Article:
It's repeatedly claimed that Michael favors Ubuntu and is biased towards it. Then you claim he's biased against it, to the point of hating it. Can't have it both ways.
- use the open source code in a closed project (does not prevent in any way using the open source code in open source projects).
- do a closed source fork of the code. This does not "close" the existing code in any way.
Saying "OMG they can close permissively licensed code!!!" is more or less the same as "OMG they could stop contributing to some project!!!"
Edit: I think I see what you were replying to now "anyone in the world can close down MIT software" yeah that statement is a little open for interpretation yes someone can take it and create a closed fork but obviously not just anyone in the world can just close down the current project.
CLA means = "$our_license; 0*"
CLA substitutes and invalidates current license for any license.
If you see "CLA (anything)", you should read "proprietary".
The only point where CLA can be positive, and that at very thin balance, is when - its GPL+CLA.
A company can then for money relicense the software for special project and thus receive income, but the main project is GPL and hence can not be incorporated into proprietary projects directly.
This is not case with MIT/BSD, where they can do what they want without paying to the hoster.
However, because CLA means "anything" and not "anything, but only open source" or not "anything, but only as time job/income source", GPL+CLA can quickly become far more dangerous than BSD/MIT in a case the company decides to relicense the content and revoke the GPL. Because they have the copyright. This is "turn into proprietary at a fraction of a second".
The best license is GPL3+ without any copyright assignments, or LGPL3+ for libraries meant to be dynamically linked.
Not "GPL2 only" stupidity we have in Linux. Through all of its existence, GPU project has improved the GPL license to match the policy of providing four freedoms to the users and did not change anything in its policy.
GPL is a very reliable license. Fullstop.
A tablet or Phone or even Ultrabook will NEVER replace desktops.
Those things have too much limiting screens and input methods to really replace a Desktop....and if they got real big screens (and i'm talking about physical size and not resolution....what matters if a screen is 1920x1080 pixels if is 6" in size with microscopic fonts and/or small amount of text ?!?)...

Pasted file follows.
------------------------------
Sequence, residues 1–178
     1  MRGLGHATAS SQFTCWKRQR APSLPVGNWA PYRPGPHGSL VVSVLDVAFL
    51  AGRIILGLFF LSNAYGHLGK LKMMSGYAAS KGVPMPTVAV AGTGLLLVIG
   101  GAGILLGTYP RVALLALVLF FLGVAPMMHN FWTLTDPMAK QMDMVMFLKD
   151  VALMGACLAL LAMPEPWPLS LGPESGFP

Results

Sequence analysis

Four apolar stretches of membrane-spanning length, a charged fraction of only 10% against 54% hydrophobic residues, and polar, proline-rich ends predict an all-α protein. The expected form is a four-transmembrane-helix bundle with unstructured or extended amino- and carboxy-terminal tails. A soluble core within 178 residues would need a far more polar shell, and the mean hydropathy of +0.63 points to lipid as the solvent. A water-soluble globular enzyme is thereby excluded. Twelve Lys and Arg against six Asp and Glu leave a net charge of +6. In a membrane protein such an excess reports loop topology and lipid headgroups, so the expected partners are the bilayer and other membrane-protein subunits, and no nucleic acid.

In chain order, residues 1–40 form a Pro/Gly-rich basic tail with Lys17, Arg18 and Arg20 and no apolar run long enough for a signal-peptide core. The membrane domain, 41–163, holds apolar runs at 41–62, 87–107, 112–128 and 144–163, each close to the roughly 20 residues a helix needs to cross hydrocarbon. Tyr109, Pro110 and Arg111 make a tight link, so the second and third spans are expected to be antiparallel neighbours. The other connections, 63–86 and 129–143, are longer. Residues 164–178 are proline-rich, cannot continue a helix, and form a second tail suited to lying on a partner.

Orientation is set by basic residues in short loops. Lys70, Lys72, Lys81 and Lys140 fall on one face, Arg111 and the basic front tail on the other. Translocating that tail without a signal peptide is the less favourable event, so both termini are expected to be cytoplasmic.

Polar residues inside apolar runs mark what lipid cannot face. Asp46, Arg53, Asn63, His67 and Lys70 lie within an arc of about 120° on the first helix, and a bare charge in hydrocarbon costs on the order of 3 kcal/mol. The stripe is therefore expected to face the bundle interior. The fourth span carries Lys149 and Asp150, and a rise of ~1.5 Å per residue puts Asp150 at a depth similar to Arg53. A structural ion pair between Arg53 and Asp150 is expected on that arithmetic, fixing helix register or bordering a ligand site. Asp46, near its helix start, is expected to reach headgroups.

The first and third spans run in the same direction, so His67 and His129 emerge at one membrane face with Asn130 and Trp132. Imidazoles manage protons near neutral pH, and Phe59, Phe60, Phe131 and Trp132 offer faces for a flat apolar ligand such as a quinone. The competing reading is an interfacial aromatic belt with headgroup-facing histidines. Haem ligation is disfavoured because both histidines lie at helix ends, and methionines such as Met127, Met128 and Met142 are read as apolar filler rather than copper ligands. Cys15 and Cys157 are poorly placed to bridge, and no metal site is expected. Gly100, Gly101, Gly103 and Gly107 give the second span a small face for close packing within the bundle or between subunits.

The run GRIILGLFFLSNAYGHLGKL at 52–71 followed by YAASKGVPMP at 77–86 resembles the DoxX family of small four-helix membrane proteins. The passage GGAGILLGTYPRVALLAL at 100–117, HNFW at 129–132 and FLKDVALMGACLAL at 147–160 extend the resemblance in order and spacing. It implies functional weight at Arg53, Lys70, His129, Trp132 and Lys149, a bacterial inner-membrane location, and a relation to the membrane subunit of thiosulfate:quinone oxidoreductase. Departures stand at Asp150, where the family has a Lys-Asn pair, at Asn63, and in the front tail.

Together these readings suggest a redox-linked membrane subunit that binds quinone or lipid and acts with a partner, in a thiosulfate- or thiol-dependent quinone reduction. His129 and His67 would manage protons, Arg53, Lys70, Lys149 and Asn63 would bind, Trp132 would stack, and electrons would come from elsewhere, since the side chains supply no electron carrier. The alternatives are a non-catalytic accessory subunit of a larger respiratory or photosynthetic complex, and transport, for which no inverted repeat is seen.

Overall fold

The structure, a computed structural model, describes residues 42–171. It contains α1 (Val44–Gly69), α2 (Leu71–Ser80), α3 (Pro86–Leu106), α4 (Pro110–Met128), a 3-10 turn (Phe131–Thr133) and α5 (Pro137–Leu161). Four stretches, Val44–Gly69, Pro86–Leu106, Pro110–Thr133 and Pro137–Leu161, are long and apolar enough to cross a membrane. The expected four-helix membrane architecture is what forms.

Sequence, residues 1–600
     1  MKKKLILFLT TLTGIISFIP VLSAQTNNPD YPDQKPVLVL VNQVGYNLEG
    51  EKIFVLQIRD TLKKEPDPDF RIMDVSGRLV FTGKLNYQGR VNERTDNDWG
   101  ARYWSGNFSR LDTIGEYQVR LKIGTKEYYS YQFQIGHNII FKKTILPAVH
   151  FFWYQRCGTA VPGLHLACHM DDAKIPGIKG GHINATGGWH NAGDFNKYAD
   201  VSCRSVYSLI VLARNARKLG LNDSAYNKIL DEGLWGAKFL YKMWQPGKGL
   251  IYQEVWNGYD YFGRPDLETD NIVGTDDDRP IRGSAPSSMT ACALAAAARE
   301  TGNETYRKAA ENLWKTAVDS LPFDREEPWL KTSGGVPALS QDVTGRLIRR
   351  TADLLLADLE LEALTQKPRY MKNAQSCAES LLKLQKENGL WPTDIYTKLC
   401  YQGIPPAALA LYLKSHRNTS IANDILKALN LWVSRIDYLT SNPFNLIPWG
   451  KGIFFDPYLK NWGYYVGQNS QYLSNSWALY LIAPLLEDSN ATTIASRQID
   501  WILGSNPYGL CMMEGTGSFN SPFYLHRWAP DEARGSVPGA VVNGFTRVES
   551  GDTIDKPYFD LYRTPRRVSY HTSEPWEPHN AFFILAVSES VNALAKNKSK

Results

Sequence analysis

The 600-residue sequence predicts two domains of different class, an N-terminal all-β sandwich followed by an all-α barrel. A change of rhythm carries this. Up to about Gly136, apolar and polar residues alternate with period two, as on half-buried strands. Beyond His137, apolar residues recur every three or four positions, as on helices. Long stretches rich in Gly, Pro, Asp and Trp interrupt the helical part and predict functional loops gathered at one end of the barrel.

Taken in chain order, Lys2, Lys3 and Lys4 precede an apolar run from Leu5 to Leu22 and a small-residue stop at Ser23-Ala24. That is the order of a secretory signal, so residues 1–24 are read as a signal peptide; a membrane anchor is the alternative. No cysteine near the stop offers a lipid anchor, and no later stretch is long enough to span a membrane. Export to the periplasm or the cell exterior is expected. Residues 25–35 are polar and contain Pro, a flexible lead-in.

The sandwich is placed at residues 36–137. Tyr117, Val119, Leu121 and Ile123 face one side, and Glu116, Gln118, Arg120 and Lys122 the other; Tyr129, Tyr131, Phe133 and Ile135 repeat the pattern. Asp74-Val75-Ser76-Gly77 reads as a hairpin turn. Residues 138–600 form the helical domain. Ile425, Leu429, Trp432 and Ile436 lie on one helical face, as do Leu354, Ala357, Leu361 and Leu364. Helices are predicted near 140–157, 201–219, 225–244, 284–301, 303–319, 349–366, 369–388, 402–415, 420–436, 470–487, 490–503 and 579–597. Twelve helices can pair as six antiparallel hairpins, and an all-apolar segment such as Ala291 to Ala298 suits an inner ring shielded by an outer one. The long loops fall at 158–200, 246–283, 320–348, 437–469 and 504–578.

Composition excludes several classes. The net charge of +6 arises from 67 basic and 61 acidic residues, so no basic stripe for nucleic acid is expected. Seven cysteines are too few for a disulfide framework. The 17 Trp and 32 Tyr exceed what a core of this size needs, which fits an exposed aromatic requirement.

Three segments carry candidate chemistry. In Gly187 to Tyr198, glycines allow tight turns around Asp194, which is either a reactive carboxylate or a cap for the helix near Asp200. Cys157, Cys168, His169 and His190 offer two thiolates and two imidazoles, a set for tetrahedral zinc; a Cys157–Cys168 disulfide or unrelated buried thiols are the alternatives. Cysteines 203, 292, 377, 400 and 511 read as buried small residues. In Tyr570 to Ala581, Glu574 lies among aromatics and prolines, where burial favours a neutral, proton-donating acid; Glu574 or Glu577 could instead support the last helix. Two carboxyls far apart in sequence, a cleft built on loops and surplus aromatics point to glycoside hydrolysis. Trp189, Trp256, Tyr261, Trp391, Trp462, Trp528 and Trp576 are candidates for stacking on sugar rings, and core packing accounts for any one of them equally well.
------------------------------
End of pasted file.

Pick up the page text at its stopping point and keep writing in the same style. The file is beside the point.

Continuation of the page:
The hole idea of tablets, smartphones, etc. reminds me of mouse+keyboard vs Gamepads vs that kinetic abortions....mouse+keyboard ( and mouse+gamepad also works OK....i'm making sure of that with a software that i'm doing....but only for Win or WINE...sorry, no LINUX because i'm too lazy and have no info about a language that allows me achieve the same under Linux) are and will continue to be the best controls to play a FPS game for example.
Companies try to reinvent the wheel , but it can't be done....a wheel is a wheel.
There is a place for tablets and smartphones but also for Desktops and it will be that way for a long long long time.
Exactly true. There are still plenty of use cases where desktop computers are necessary and touch interfaces are pure torture. And this is not likely to change in the next decade or two. Programming, development, 3d design, graphic design, digital art, music/sound editing, video editing, etc... the list goes on.
Tablets and smartphones are nice for the things they are used for, but the idea that they could replace all computers is idiotic. Touch interfaces do not scale well beyond about 12", above that they are horrible ergonomically. Touchscreen keyboards will never be as ergonomic as real keyboards, and touch input is less ergonomic than using a mouse, so any work that requires long periods of interacting with an interface will require a) a big enough screen and b) keyboard + mouse.
One could argue that we might get tablets that are powerful enough that if you attach a monitor, keyboard and mouse they could act as desktop computers. But why would we need tablets for that? What benefit could there be to combine two devices of very different purposes into one? That's the dock thing all over again, the reality is it's much easier to have a separate desktop computer and tablet.
It's a much better out-of-the-box experience still very easy to use for new users.